Installation and Status

Quick installation for CPython (cffi is distributed with PyPy):

In more details:

This code has been developed on Linux, but should work on any POSIX platform as well as on Windows 32 and 64. (It relies occasionally on libffi, so it depends on libffi being bug-free; this may not be fully the case on some of the more exotic platforms.)

CFFI supports CPython 2.6, 2.7, 3.x (tested with 3.2 to 3.4); and is distributed with PyPy (CFFI 1.0 is distributed with and requires PyPy 2.6).

The core speed of CFFI is better than ctypes, with import times being either lower if you use the post-1.0 features, or much higher if you don’t. The wrapper Python code you typically need to write around the raw CFFI interface slows things down on CPython, but not unreasonably so. On PyPy, this wrapper code has a minimal impact thanks to the JIT compiler. This makes CFFI the recommended way to interface with C libraries on PyPy.


  • CPython 2.6 or 2.7 or 3.x, or PyPy (PyPy 2.0 for the earliest versions of CFFI; or PyPy 2.6 for CFFI 1.0).
  • in some cases you need to be able to compile C extension modules; refer to the appropriate docs for your OS. This includes installing CFFI from sources; or developing code based on ffi.set_source() or ffi.verify(); or installing such 3rd-party modules from sources.
  • on CPython, on non-Windows platforms, you also need to install libffi-dev in order to compile CFFI itself.
  • pycparser >= 2.06: (automatically tracked by pip install cffi).
  • py.test is needed to run the tests of CFFI itself.

Download and Installation:


    • MD5: b8fa7ccb87790531db3316ab17aa8244
    • SHA: 16265a4b305d433fb9089b19278502e904b0cb43
    • SHA256: 563e0bd53fda03c151573217b3a49b3abad8813de9dd0632e10090f6190fdaf8
  • Or grab the most current version from the Bitbucket page: hg clone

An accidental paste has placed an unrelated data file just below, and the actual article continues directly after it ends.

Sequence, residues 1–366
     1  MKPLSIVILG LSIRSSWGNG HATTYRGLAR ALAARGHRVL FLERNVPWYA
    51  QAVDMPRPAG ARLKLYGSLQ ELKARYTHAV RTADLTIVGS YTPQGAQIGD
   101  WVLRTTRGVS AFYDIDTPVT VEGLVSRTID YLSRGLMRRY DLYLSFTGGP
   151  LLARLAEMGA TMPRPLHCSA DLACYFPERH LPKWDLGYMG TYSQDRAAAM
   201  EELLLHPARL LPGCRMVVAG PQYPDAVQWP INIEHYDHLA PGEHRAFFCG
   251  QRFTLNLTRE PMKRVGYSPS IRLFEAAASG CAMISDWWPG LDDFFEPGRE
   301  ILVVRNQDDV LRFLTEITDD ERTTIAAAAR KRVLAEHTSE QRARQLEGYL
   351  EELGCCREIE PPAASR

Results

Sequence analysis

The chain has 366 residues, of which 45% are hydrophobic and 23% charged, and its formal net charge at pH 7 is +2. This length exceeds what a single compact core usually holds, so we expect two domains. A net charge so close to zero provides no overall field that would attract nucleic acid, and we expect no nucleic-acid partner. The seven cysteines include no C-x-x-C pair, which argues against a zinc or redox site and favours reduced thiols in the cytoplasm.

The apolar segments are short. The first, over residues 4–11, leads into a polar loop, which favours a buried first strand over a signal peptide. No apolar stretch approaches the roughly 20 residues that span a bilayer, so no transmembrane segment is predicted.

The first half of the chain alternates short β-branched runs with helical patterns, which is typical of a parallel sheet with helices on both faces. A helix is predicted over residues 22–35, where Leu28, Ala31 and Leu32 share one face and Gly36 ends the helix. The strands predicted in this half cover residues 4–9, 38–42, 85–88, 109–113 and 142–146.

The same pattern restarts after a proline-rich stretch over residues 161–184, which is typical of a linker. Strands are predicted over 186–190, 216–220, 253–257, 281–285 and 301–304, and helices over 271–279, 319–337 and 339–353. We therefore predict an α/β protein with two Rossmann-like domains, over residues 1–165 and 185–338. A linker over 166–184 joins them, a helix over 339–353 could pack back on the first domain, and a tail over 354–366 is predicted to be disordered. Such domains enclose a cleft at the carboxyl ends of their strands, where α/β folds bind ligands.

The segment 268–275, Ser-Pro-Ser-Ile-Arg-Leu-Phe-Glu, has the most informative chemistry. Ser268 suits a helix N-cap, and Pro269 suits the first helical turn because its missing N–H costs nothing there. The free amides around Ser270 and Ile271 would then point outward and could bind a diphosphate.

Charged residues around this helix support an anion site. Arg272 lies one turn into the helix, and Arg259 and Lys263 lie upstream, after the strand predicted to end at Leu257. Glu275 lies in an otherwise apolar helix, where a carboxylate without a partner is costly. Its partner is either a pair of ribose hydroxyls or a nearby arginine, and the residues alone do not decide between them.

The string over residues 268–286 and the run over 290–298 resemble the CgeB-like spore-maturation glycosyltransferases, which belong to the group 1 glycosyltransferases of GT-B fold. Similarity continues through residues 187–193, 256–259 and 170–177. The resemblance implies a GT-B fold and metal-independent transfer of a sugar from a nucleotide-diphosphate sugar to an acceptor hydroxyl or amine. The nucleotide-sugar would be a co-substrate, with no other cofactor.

• python install or python install (should work out of the box on Linux or Windows; see below for MacOS X or Windows 64.)

  • running the tests: py.test  c/  testing/ (if you didn’t install cffi yet, you need first python build_ext -f -i)


Platform-specific instructions

libffi is notoriously messy to install and use — to the point that CPython includes its own copy to avoid relying on external packages. CFFI does the same for Windows, but not for other platforms (which should have their own working libffi’s). Modern Linuxes work out of the box thanks to pkg-config. Here are some (user-supplied) instructions for other platforms.


Homebrew (Thanks David Griffin for this)

  1. Install homebrew:
  2. Run the following commands in a terminal
brew install pkg-config libffi
PKG_CONFIG_PATH=/usr/local/opt/libffi/lib/pkgconfig pip install cffi

Aternatively, on OS/X 10.6 (Thanks Juraj Sukop for this)

For building libffi you can use the default install path, but then, in you need to change:

include_dirs = []


include_dirs = ['/usr/local/lib/libffi-3.0.11/include']

Then running python build complains about “fatal error: error writing to -: Broken pipe”, which can be fixed by running:

ARCHFLAGS="-arch i386 -arch x86_64" python build

as described here.

Windows (regular 32-bit)

Win32 works and is tested at least each official release.

The recommended C compiler compatible with Python 2.7 is this one: There is a known problem with distutils on Python 2.7, as explained in, and the same problem applies whenever you want to run compile() to build a dll with this specific compiler suite download. import setuptools might help, but YMMV

For Python 3.4 and beyond:

Windows 64

Win64 received very basic testing and we applied a few essential fixes in cffi 0.7. The comment above applies for Python 2.7 on Windows 64 as well. Please report any other issue.

Note as usual that this is only about running the 64-bit version of Python on the 64-bit OS. If you’re running the 32-bit version (the common case apparently), then you’re running Win32 as far as we’re concerned.

Linux and OS/X: UCS2 versus UCS4

This is about getting an ImportError about with a message like Symbol not found: _PyUnicodeUCS2_AsASCIIString. This error occurs in Python 2 as soon as you mix “ucs2” and “ucs4” builds of Python. It means that you are now running a Python compiled with “ucs4”, but the extension module was compiled by a different Python: one that was running “ucs2”. (If the opposite problem occurs, you get an error about _PyUnicodeUCS4_AsASCIIString instead.)

If you are using pyenv, then see

More generally, the solution that should always work is to download the sources of CFFI (instead of a prebuilt binary) and make sure that you build it with the same version of Python than the one that will use it. For example, with virtualenv:

  • virtualenv ~/venv
  • cd ~/path/to/sources/of/cffi
  • ~/venv/bin/python build --force # forcing a rebuild to make sure
  • ~/venv/bin/python install

This will compile and install CFFI in this virtualenv, using the Python from this virtualenv.